- Fully Comprehensive: This level of cover offers the same protection as Third-Party Fire & Theft and also allows you to claim for accidental damage to your own vehicle.
When searching for affordable car insurance in Ireland, it’s important to strike a balance between finding cheap car insurance for learner drivers and the right learner insurance for what you require. If this is something you’re struggling with, give our team a call on 0818 300 301.
What is a Learner’s Permit?
Although this question may sound obvious, we want to explain what it actually means to hold a learner’s permit, as well as guide you on how to apply for one online.
A learner’s permit, when issued, qualifies you to learn to drive a vehicle under the supervision of a licenced driver and is issued to individuals who have completed their theory test with the DTT. The permit allows them to practise driving under some restrictions and the guidance of a licenced driver, usually a parent, guardian, or driving instructor.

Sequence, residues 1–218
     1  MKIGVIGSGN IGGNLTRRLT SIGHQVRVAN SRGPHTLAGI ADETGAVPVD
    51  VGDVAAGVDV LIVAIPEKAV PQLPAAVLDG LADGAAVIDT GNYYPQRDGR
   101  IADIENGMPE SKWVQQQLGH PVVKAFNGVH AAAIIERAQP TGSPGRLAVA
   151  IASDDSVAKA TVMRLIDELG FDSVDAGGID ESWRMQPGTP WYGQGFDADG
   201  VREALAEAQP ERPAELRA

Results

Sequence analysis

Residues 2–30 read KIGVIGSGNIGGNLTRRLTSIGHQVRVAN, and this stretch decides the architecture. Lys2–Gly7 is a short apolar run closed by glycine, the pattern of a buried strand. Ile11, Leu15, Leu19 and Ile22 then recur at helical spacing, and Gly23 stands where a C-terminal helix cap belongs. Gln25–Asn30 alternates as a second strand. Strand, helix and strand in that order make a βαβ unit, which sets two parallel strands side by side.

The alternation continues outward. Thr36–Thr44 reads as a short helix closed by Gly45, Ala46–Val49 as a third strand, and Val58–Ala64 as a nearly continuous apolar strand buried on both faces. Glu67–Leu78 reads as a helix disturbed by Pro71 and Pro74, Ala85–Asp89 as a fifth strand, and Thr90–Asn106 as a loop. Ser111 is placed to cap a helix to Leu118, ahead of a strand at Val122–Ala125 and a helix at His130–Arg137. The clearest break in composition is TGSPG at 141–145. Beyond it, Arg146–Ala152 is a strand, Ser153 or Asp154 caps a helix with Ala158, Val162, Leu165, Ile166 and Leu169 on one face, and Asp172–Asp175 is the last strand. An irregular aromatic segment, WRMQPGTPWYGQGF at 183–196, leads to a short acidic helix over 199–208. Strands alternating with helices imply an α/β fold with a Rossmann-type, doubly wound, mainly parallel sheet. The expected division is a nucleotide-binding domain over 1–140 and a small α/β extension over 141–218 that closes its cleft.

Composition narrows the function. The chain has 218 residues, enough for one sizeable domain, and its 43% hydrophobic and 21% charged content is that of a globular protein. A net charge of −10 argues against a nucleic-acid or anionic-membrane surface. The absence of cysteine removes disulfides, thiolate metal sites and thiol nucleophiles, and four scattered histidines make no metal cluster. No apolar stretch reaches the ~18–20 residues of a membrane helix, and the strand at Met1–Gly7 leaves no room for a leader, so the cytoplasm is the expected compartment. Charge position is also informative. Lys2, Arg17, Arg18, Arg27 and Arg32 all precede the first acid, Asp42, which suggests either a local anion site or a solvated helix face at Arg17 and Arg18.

How to Apply For a Learner’s Permit?
Before you can apply for your learner’s permit, you’ll need to complete the theory test, as briefly explained above. The DTT or Driver’s Theory Test website takes you through some simple steps for booking your theory test, as well as providing key information on things you’ll need to apply for, including a valid ID. A fee of €45 applies when booking the test.
Useful Link: Book Your Theory Test
Once you have passed your theory test (congratulations!), you can apply for your learner’s permit. You can do this directly on The Road Safety Authority website.